Sunday:  We will have a lot of people over.  We'll likely have pasta because it's quick and simple.

Monday, July 23, 2012

Menu Monday

Monday:  Pasta with tomatoes, onions and garlic from our garden.

Tuesday:  Roasted veggies from the garden (beets, turnips, carrots, onions) over rice

Wednesday:  Fish fry with potato wedges, along with whatever is ripe in the garden

Thursday:  Dried tomato crock pot risotto (we've got to use up the dried tomatoes from last year because we'll be drying up more very soon).

Friday:  Pizza with homemade sauce and homemade mozzarella cheese, with fresh basil from the garden.

Saturday: Egg foo young.

Sunday:  French onion soup, and Jaimie wants a beef roast because he thinks that there isn't enough animal protein in this week's menu.

Monday, July 16, 2012

Crafty times at Main Street Homestead

Now that my MIL has moved in with us, there's much more going on in the area of arts and crafts.  I'm a much more practical person, and with as much as we have going on all the time, we don't get to many crafting sessions with the girls other than coloring in coloring books.  We generally don't ever make anything.  But, that's changing.  Nini, as she is referred to, is very crafty.  She sews, paints, and other crafty things.  She's already made the girls some adorable tulle tutus.

Here's some of the other crafts that are added to Main Street Homestead now that Nini has joined us:

Painted gourd bird houses

Canvas bags sewn and painted with cute animals




We decided to make some fairy doors too, and here's a picture of our 3-year-old helping her Nini paint them.



Menu plan Monday

Yesterday, we made potato leek soup, with a couple of parsnips from last week's farmer's market.  We'll be freezing the rest for some quick meal in the future.  I really enjoy leeks and parsnips, so it was a great meal, along with some homemade bread.  My MIL has been taking over making bread, which is just fine by me because there is a lot to do with the garden and her bread is really good. 

Monday (today):  BLTs.  Except we are subbing spinach for lettuce, and I'm subbing fake bacon for real bacon, so I guess it's a F-BST.  Our tomatoes aren't ripe yet, but for some little pop-in-your mouth ones, so I picked some up at the farmer's market today (along with some carrots). 

Tuesday:  Tacos.  Homemade tortillas, salsa, and my mom's ground beef. 

Wednesday:  I told our 3-year-old that she could choose a dinner option and she suggested that we have tobacco.  I asked her if she knew what it was and she said no.  I told her that is what is in cigarettes and we were not going to have cigarettes for dinner.  So, instead, we'll have mom's choice.  I like eating what's fresh from the garden, so we'll have it over pasta.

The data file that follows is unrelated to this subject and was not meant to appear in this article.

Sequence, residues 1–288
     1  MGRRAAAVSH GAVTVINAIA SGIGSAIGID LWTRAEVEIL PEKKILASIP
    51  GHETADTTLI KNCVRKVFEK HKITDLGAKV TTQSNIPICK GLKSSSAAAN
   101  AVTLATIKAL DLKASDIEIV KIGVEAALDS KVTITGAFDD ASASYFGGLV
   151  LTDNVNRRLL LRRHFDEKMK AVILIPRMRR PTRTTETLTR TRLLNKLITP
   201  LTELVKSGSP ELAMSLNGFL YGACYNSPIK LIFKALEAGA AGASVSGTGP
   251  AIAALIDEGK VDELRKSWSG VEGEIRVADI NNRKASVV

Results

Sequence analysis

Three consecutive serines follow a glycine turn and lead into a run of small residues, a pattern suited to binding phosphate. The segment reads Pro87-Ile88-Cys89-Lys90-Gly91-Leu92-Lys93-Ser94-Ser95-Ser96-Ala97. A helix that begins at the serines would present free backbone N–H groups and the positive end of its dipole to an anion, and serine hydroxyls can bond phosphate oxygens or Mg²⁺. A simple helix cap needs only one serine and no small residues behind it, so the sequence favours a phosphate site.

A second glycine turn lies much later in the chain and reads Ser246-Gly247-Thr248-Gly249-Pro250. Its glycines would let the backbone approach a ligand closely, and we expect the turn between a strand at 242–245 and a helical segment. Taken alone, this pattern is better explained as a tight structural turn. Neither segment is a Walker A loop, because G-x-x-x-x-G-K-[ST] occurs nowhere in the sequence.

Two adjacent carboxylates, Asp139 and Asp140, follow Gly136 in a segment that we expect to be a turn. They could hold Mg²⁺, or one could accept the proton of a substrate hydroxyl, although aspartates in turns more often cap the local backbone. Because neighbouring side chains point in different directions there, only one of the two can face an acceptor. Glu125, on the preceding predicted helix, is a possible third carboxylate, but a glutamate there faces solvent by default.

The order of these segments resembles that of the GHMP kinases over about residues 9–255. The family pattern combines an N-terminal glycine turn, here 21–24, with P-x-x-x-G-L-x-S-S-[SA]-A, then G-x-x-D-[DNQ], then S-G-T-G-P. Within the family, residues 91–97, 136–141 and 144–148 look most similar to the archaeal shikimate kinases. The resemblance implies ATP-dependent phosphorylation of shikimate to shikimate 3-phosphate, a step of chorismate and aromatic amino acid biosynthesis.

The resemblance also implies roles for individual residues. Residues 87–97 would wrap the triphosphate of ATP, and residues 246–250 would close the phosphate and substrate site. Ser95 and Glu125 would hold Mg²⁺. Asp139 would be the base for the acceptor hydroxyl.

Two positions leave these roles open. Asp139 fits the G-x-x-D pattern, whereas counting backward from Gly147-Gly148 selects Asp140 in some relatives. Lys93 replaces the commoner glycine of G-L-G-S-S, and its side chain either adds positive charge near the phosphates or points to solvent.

Thursday we're leaving for a camping trip, with meals included!, so no menu planning for the rest of the week.

Saturday, July 14, 2012

Cheesy, but good

A recipe for kindness

The first farmer's market haul of the season

We got these beets, parsnips, and garlic in Milwaukee.  The beets there are huge compared to the ones offered up our way right now.

Though we had enough in the way of food, I always like to see if there's something else to offer when I pass by any farmer's market.  On my way home from work yesterday, I picked up these lovely leeks.  I'm not sure if they'll be eaten grilled or if we'll make potato leek soup.

Tuesday, July 10, 2012

Menu plan Monday (on Tuesday)

Last week we didn't publish a menu because it was so hectic with getting the produce in and processed (frozen and/or pickled) that we just ate veggies over quinoa/rice/couscous. 



On Friday though, my MIL made salmon patties.  I haven't ever had them before, and was unable to eat seconds because there were none left after the girls devoured them.  I guess we'll be having those again, or the girls may riot.  

Monday:  Jaimie wasn't feeling well and I had to work late, so we had fried chicken (from the store), rice and plums.  We forgot to cook the beet greens so we decided to eat plums.

Tuesday:  Pho (rice noodle soup).  Jaimie used beet greens, green beans, carrots, cilantro, basil, coriander (toasted, then ground), fish sauce, rice vinegar, chicken stock and sesame oil.



Wednesday:  We'll be having a cook out with friends, so we'll have to pick up something grillable.

Thursday:  capellini pomodoro

Friday:  Potato leek soup with fresh bread

Saturday:  BSTs (bacon/fake bacon, spinach & tomato)

Sunday: TBD when we find out what we get at the farmer's market on Saturday, and what we harvest from the garden.  I'm guessing something roasted because that just sounds delicious.

Sunday, July 1, 2012

Pickling beans and peas

Today I harvested over a gallon of green beans and almost as many pea pods.  We had a hearty dinner of sweet and sour beans and carrots over rice cooked in our broth (which we were very crazily making today, turning on the stove for an extended period of time, despite the heat).

We still had a ton of fresh beans and peas.  Since we froze about a gallon of each just days ago, we decided to work on the dilly beans.  I couldn't find the dilly bean recipe we used last year so I used this one because it had 20 reviews, all very positive.  We didn't have mustard however, so we left it out.  I don't really care for it that much anyway and I generally just tolerate that part.